Enforceability of Restrictive Covenants
At Blackstone Solicitors, our Commercial Property Department is on hand to advise on any restrictive covenant issues you may be facing. Whether you would like to lift, remove or modify them, we can assist wherever you are based and have a wealth of experience in this area. For a free initial discussion, you can contact us on 0161 929 0121 or alternatively, you can email us on firstname.lastname@example.org.
What are Restrictive Covenants?
Restrictive covenants are provisions in title deeds that serve to limit the use of a property, or restrict what can be done with that property. These can directly affect you if you are subject to the restrictive covenants or can affect an adjoining owner/your neighbour, if you have the benefit of such covenants.
If your property is subject to restrictive covenants, it is often difficult to obtain a release or modification of one or more covenants. The person with the benefit of the covenant may not permit a variation or release of the covenant, or moreover, they may hold you to ransom.
How do I Remove or Lift a Restrictive Covenant?
In a recent case, the landowner was successful in an application to modify a restrictive covenant which dated back to 1987 which restricted the use of that property for the purposes of a single private dwelling house. The adjoining owner had the benefit of the covenant.
The owner of the property in question wanted to convert a barn at the property into a second dwelling. An application was made to the Upper Tribunal on the basis that the restriction impedes the reasonable use of the land and does not secure a practical benefit of substantial value, and as such, any loss can be adequately compensated in money. The property owner had already obtained planning permission for the proposed development which showed a reasonable intention to convert the barn, but the covenant itself secured the practical benefits of avoidance of nuisances to the adjoining neighbouring objector.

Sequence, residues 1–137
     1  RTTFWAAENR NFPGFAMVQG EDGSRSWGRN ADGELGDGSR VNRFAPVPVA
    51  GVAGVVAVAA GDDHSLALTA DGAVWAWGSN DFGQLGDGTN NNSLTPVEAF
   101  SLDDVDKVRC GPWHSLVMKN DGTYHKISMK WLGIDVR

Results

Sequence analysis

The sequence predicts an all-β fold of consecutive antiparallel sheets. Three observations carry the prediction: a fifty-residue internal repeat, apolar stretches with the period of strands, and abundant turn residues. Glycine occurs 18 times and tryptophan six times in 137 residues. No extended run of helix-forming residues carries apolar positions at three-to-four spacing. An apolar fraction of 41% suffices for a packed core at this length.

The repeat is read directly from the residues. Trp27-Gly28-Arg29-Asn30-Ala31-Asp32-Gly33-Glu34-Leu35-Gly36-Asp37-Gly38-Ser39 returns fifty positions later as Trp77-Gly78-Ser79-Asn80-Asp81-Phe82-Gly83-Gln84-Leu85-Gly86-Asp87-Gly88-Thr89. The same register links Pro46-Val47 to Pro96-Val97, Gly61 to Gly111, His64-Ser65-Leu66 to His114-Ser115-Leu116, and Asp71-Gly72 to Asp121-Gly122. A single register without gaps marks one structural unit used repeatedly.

The question that the Upper Tribunal looked at, was whether or not the benefits of the covenant were of substantial value. The Upper Tribunal did not think that this was the case; concerns about increased noise and traffic, smoke and fumes, loss of privacy and seclusion and an increased security risk were not considered to be substantial given the remote location of the property and the distance from the adjoining property (the objector). Since any loss could be dealt with by way of compensation, the provisions of the legislation were complied with.
It should be noted that the applicant was the original covenantor and the fact that the landowner was the original covenantor was taken into account with regards to the application for modification of the covenant.
What will happen if I breach a Restrictive Covenant?
You will need to consult the services of a solicitor if you receive notice of a breach from the person with the benefit of the restrictive covenant. By turning to expert legal help, there is a chance it may be proven that a covenant is not enforceable or it can be modified or released. We are highly experienced in investigating such matters and arriving at the result our clients are searching for.
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This blog was written by Michelle Rothburn, Commercial Property Partner. Michelle has extensive knowledge of her field of work enabling her to advise her clients on all aspects of commercial property and can assist with all matters concerning restrictive covenants.
In addition, we offer a wide range of commercial property services. Our services include:
- Commercial conveyancing
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Our commercial property team is friendly and approachable, and we are happy to discuss your situation to decide on the best way to move things forward. Whether you’re based in Manchester, London or elsewhere in the UK, our solicitors can help you today.